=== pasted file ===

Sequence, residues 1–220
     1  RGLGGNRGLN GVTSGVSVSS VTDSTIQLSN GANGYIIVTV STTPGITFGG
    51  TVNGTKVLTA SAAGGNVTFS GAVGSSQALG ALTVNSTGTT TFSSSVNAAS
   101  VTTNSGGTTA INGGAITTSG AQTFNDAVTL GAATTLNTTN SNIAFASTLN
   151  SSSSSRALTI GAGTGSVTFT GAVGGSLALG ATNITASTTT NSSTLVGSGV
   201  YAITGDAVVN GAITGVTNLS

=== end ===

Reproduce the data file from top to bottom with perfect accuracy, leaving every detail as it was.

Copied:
Sequence, residues 1–220
     1  RGLGGNRGLN GVTSGVSVSS VTDSTIQLSN GANGYIIVTV STTPGITFGG
    51  TVNGTKVLTA SAAGGNVTFS GAVGSSQALG ALTVNSTGTT TFSSSVNAAS
   101  VTTNSGGTTA INGGAITTSG AQTFNDAVTL GAATTLNTTN SNIAFASTLN
   151  SSSSSRALTI GAGTGSVTFT GAVGGSLALG ATNITASTTT NSSTLVGSGV
   201  YAITGDAVVN GAITGVTNLS